California Software Company Executives Charged In Conspiracy To Defraud The Tennessee Valley Authority
Company Allegedly Sought More Than $300,000 in Fraudulent Incentive Payments from TVA Through Software Installation in Rutherford County Schools
NASHVILLE (STL.News) A seven-count indictment unsealed Friday charged two Danville, California men with conspiracy to defraud the Tennessee Valley Authority (TVA) of more than $300,000, announced Acting U.S. Attorney Mary Jane Stewart for the Middle District of Tennessee.
Anthony Gigliotti, 74, the CEO of Autonomic Software, Inc., (Autonomic) was charged with conspiracy to commit wire fraud, three counts of mail fraud, and three counts of wire fraud. Alexander Gigliotti, 36, the Vice President of Autonomic, was charged with conspiracy to commit wire fraud. Both were arrested by U.S. Marshals in Danville, California on Friday and will appear in the Middle District of Tennessee at a later date for further proceedings.
According to the indictment, Autonomic was a software company located in Danville, California, which provided a variety of software to private and public sector organizations. In 2016, Autonomic installed power management software in Rutherford County school systems, in connection with TVA’s EnergyRight program, an incentive-based program designed to save energy and reduce costs through the installation of energy-saving software. To be eligible for the energy conservation funds, customers were required to pay a portion of the software materials costs.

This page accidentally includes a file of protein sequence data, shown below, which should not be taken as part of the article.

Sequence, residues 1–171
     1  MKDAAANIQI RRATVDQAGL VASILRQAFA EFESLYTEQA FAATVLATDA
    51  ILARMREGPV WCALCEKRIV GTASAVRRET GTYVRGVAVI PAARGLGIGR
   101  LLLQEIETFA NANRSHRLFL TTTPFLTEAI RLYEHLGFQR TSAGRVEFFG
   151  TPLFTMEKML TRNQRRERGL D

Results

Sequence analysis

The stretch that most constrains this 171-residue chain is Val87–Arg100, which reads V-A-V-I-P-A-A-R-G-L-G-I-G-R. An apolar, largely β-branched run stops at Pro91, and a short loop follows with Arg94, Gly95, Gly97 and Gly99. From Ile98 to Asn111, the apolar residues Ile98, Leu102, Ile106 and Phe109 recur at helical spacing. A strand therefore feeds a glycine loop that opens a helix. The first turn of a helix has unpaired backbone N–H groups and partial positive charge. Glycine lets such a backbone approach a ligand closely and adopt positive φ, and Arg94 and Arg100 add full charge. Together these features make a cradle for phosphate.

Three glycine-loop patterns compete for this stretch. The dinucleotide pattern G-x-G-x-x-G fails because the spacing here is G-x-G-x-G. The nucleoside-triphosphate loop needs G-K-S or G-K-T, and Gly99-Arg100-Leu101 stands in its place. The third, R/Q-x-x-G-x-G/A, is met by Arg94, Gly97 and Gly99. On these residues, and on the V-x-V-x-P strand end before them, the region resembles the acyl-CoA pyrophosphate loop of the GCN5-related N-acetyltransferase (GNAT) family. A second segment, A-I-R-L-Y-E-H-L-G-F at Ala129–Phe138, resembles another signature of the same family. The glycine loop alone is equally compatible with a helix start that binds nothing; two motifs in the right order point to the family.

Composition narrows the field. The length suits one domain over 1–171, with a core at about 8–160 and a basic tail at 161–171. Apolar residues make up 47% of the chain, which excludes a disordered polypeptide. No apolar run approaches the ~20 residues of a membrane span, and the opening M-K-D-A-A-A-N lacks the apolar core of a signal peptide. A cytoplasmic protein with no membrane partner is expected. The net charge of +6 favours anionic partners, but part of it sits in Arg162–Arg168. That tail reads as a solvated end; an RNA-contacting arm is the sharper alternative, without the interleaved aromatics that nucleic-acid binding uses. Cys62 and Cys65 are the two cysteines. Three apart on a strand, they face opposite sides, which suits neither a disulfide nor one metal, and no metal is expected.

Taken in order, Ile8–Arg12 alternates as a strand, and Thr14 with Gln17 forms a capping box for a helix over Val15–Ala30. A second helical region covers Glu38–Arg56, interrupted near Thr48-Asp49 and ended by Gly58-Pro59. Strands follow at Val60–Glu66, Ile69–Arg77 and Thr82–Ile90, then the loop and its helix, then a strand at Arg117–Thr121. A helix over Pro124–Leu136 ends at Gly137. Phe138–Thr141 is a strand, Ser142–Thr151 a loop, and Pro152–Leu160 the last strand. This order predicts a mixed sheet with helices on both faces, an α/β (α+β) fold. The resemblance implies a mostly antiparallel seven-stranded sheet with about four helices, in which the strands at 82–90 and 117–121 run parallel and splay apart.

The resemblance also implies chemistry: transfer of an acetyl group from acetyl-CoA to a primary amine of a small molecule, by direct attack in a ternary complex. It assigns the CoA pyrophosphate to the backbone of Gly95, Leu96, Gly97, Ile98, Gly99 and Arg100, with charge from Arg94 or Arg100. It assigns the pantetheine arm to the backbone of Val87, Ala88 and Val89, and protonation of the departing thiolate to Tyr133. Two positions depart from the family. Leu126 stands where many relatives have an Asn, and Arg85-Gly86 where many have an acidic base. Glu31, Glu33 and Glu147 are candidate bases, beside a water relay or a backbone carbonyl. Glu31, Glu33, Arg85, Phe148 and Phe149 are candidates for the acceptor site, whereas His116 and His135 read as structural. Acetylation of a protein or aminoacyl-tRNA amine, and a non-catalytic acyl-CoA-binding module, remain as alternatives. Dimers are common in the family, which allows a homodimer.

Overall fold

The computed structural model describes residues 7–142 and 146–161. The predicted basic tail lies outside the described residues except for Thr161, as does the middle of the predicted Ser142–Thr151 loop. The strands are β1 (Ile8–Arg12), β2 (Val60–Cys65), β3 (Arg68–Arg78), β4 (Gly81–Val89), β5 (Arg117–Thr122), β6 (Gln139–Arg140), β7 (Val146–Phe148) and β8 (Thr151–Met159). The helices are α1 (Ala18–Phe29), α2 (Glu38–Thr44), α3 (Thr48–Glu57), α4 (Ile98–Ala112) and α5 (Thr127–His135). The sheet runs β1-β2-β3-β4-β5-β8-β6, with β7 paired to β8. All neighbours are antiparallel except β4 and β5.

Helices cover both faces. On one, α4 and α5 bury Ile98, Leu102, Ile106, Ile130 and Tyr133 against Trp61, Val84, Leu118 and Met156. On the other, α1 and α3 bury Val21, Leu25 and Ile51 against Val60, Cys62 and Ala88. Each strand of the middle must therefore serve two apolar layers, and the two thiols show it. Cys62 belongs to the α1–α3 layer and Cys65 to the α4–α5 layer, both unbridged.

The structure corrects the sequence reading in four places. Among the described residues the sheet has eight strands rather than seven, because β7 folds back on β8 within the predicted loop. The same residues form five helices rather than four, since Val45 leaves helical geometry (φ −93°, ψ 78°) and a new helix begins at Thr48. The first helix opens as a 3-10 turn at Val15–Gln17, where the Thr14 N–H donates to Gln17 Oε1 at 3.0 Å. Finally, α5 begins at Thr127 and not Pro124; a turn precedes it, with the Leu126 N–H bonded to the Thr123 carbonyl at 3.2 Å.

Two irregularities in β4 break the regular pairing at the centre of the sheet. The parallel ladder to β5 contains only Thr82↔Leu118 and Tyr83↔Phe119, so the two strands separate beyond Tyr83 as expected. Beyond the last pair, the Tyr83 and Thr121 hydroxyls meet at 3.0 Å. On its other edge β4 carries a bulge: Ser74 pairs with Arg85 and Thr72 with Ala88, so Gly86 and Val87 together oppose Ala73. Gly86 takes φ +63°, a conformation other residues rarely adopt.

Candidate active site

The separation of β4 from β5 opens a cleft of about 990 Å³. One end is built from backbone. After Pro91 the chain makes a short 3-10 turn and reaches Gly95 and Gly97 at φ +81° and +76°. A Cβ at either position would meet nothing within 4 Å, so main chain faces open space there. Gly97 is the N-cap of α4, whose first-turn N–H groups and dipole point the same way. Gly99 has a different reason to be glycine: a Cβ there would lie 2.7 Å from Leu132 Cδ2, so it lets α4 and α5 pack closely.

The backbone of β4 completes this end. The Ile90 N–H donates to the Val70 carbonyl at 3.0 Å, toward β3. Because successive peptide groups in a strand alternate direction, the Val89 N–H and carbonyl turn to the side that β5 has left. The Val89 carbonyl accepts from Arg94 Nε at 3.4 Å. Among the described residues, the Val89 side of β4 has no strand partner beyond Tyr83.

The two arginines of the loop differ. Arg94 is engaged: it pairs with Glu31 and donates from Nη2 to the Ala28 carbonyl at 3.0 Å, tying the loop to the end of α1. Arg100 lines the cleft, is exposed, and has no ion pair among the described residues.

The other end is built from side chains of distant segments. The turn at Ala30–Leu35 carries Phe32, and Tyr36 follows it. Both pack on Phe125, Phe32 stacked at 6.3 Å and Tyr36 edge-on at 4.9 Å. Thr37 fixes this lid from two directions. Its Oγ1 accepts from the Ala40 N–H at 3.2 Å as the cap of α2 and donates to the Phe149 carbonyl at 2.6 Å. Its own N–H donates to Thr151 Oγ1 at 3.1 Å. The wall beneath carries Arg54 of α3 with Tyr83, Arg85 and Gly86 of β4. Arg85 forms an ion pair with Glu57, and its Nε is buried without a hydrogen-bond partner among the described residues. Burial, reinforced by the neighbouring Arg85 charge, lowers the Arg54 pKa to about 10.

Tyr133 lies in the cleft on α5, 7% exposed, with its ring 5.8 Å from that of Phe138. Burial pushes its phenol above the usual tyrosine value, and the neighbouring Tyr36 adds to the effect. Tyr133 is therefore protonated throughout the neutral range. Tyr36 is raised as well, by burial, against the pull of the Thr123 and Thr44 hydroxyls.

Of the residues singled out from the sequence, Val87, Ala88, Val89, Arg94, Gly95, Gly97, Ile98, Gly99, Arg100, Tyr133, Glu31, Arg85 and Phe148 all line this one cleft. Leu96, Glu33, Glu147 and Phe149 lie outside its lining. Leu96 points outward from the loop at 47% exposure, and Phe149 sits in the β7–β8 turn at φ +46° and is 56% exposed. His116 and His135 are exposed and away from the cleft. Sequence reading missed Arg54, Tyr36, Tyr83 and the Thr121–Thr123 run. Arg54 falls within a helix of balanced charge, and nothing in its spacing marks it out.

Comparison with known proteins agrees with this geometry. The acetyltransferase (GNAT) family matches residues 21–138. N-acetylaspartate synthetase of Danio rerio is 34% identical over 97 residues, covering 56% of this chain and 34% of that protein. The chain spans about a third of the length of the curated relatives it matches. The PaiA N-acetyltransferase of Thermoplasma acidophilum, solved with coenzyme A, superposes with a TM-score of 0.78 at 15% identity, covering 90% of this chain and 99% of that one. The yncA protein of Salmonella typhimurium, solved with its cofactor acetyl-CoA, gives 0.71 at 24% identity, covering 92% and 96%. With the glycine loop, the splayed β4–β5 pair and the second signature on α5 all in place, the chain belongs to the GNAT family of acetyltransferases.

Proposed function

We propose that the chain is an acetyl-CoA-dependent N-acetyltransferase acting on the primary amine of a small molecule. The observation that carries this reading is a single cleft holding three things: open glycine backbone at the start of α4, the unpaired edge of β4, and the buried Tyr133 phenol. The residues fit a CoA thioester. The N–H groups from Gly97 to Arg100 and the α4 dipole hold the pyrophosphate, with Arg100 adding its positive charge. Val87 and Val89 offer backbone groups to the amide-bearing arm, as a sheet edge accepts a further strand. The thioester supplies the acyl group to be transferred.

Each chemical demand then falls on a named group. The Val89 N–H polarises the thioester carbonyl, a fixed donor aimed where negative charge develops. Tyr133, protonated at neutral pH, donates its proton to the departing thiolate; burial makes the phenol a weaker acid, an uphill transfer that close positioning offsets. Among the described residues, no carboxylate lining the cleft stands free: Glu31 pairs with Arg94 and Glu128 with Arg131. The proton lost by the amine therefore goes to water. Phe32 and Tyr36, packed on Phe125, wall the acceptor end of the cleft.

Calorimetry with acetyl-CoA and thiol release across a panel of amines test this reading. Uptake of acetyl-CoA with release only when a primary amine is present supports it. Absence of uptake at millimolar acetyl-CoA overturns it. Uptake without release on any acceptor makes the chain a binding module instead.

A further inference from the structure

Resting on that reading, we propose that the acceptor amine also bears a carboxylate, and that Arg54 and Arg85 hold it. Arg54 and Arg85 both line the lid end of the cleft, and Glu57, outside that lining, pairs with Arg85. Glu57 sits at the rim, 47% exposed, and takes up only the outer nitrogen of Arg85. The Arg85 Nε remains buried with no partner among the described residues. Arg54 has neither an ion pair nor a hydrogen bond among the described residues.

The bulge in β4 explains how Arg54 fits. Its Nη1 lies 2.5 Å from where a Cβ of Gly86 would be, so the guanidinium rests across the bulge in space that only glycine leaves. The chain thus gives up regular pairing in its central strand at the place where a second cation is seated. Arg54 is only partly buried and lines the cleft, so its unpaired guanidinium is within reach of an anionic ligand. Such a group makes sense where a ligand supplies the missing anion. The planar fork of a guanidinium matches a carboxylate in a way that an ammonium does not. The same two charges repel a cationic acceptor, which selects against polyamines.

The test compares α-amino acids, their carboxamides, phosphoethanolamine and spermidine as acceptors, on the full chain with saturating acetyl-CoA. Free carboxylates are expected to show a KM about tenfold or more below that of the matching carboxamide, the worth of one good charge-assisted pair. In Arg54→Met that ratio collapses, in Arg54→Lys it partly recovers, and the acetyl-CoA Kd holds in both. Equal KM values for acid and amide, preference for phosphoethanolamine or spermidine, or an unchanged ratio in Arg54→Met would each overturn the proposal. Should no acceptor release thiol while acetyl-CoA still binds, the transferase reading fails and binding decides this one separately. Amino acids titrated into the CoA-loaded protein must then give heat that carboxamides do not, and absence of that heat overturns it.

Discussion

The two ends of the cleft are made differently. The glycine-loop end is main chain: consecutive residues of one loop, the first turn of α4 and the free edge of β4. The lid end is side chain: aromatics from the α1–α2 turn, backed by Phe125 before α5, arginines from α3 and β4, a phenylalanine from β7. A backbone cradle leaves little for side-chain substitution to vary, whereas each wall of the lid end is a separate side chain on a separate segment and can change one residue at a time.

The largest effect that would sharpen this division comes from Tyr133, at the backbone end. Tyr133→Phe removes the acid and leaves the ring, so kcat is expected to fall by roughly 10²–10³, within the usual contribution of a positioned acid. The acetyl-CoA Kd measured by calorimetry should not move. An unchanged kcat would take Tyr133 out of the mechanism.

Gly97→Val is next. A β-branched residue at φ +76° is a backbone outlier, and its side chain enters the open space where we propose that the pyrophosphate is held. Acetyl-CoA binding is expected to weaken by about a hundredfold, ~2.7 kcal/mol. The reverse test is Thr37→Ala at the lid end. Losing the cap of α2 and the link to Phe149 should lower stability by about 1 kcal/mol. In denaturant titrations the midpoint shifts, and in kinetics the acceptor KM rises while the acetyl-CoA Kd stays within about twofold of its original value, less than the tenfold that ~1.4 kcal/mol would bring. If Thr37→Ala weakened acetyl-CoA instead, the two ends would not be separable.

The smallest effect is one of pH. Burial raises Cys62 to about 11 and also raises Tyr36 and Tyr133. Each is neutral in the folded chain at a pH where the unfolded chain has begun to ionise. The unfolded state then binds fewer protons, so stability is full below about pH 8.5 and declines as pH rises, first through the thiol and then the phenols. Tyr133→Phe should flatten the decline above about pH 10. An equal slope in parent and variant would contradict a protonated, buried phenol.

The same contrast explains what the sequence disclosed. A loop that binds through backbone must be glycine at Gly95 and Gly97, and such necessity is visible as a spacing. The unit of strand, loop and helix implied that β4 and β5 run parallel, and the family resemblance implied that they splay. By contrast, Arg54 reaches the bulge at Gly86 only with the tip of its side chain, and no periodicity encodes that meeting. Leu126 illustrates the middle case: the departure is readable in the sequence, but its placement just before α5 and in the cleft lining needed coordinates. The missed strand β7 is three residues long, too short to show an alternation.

Instead of following the program requirements, Autonomic represented to the Rutherford County School District that schools would not incur any costs associated with the software installation. Following the installation of the software, Autonomic submitted 47 invoices, totaling $588,240 to Lockheed Martin, the contract administrator of the EnergyRight program. The invoices were made out to Rutherford County Schools and represented that each school incurred costs associated with Autonomic’s software installation.
Alexander Gigliotti also sent an email to a Lockheed Martin representative in support of seeking the incentive payments from TVA, with a breakdown of an invoice regarding purported costs incurred by Rutherford County Schools, claiming that the school paid $22 per computer related to software and $8 per computer related to support. In fact, Rutherford County Schools did not incur any costs associated with any invoice from Autonomic. Lockheed Martin then mailed incentive payments to Autonomic that corresponded to each invoice.
The Autonomic software failed to function as initially represented and approximately one year after the installation, Rutherford County Schools purchased energy saving software that could effectively quantify energy savings and which cost substantially less than Autonomic’s total purported materials costs.
The indictment also alleges that Anthony Gigliotti lied to TVA agents by falsely stating that Alexander Gigliotti was not involved in any of the previous TVA or school system work.
If convicted, the defendants face up to 20 years in prison.
This case was investigated by the TVA Office of Inspector General and is being prosecuted by Assistant U.S. Attorney Sara Beth Myers.
An indictment is merely an accusation. The defendants are presumed innocent until proven guilty in a court of law.